Another incredibly close category. According to 82games.com, in the 2010-11 season, Griffin averaged 28.5 points per 48 minutes of clutch time, whereas Love averaged 27.8. Griffin shot almost 20 percentage points better in the clutch however, and had a plus-minus ratio of -2, significantly better than Love’s -36 (though admittedly, neither player was particularly great). It might be reasonable based on statistics to give Griffin a slight edge in this category, but it is clear this is not a standout area for either player currently.
Winning/Intangibles/Impact on Game
At the risk of sounding repetitive, this is yet another area where both players are extremely close and have seen success. Blake Griffin won 4 consecutive state titles in high school and followed that up by taking a mediocre Oklahoma Sooners team and leading them to a 30-6 record and an Elite Eight appearance. Love led his high school alma mater in Oregon to 3 consecutive state championship games, and then as a rookie with UCLA, led the Bruins to a Final Four appearance. With respect to intangibles, Love seems to be the player that does the little things most often to win: the key outlet pass, the offensive board, the hard pick, etc.
That being said, the difference here between Love and Griffin is that Blake Griffin demands attention. Even this year on a team with Chris Paul and Chauncey Billups, Griffin has established himself as the go to scorer and leader of the team. Griffin’s pure physical gifts requires opponents to pay special attention and therefore makes the game easier on his teammates. Briefly stated, teams are required to develop game plans around Griffin.
Long term potential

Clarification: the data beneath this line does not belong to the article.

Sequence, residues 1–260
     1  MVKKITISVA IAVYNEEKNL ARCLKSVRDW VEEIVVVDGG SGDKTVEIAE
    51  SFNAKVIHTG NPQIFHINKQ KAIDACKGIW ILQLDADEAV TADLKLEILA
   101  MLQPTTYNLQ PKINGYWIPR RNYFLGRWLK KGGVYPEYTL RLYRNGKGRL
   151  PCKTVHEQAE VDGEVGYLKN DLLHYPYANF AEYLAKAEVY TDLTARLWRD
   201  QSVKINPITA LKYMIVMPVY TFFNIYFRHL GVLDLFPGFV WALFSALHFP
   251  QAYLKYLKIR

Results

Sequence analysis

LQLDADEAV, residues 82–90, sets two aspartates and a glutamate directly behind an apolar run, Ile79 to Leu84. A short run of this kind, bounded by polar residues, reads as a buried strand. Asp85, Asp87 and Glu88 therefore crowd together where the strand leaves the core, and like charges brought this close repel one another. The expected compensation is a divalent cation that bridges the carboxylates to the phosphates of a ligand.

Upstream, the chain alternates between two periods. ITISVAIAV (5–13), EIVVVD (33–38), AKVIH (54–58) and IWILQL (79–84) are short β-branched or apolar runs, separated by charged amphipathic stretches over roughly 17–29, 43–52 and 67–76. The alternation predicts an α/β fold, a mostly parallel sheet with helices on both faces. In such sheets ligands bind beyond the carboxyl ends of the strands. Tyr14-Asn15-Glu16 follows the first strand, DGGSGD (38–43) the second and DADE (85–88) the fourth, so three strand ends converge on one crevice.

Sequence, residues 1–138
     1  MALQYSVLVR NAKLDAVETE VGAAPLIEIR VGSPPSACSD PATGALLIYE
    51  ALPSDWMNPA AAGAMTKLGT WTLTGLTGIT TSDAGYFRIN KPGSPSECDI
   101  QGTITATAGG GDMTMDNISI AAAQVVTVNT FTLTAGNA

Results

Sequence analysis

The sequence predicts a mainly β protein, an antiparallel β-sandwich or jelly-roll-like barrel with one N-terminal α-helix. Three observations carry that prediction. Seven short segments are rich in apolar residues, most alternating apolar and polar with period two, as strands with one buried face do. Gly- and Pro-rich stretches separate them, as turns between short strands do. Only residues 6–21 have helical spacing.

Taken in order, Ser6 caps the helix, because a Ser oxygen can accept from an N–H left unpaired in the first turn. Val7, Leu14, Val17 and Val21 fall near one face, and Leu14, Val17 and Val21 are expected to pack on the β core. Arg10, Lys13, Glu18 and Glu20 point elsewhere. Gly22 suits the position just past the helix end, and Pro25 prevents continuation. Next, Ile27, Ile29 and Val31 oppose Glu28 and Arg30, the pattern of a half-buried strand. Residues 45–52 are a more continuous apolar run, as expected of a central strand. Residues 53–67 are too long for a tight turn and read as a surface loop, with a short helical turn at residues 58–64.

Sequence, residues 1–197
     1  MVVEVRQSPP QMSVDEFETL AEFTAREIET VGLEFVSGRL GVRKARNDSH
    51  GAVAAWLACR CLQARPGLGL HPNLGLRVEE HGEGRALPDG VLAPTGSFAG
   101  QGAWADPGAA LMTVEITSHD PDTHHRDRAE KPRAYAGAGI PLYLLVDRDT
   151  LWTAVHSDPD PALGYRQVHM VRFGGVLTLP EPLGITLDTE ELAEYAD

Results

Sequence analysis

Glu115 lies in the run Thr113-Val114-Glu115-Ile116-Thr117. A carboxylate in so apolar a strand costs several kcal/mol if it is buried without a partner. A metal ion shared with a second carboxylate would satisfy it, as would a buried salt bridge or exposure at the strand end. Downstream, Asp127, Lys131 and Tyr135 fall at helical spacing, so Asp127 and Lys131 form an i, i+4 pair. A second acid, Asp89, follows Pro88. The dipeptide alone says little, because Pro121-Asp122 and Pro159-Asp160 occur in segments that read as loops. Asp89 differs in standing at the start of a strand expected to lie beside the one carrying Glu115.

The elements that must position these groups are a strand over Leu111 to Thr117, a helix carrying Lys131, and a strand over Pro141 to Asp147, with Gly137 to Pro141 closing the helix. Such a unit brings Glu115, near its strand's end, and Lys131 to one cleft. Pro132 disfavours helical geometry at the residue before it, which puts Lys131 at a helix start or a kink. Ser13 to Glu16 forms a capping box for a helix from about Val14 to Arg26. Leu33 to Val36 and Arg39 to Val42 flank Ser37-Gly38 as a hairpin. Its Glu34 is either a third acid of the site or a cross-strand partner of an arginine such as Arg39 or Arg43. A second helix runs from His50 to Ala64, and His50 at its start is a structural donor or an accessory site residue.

Love is a double-double machine and a player who will undoubtedly be a force to be reckoned with for years to come. However, just like the player he is most compared with, Moses Malone, one can’t help but observe that Love is not most effective when he is the guy with the ball, but rather has a keen sense for picking his spots to get the open shot, or the loose ball as it comes available. Additionally, it remains to be seen how much better Love can become. Given his limited physical ability, we may have seen the peak of what Love will achieve in the NBA.
Griffin, on the other hand, seems to have limitless potential. He is averaging 20 points per game even as elements of his post up game remain unfinished and his mid-to-long range jumper is just beginning to develop. Griffin also seems to have an innate desire to be the best, and carries himself with a swagger that has brought toughness to the rest of the Clippers’ squad. If Griffin can develop a consistent 15-foot jumper as well as a refined go-to post move, he will be nearly impossible to stop.
Based on the above, it is my belief that just as with Amare, Blake Griffin gets the nod over Kevin Love, both in the near term as well as their long term outlook. With Chris Paul and Blake Griffin, the Clippers feel like they have two bonafide superstars that will allow them to contend for years to come (or at least until CP3 opts out to join Carmelo Anthony in New York). With Kevin Love, it remains to be seen if his amazing statistics can translate into wins, and ultimately deep runs into the playoffs. Only time will tell, until then, Griffin remains the best young hope at power forward in the NBA.
- 5 Reasons Why Blake Griffin is better than Amare Stoudemire TODAY
- Sam Smith: Will Minnesota Show Kevin Love The Money? (1/23/12)
- Dirk Nowitzki’s Not A Top Three Power Forward, Yet
- Kevin Love: The Mamba’s Pick for All-Star Snub of the Year (and maybe Decade)
- David Kahn’s Illogical Love for Ricky Rubio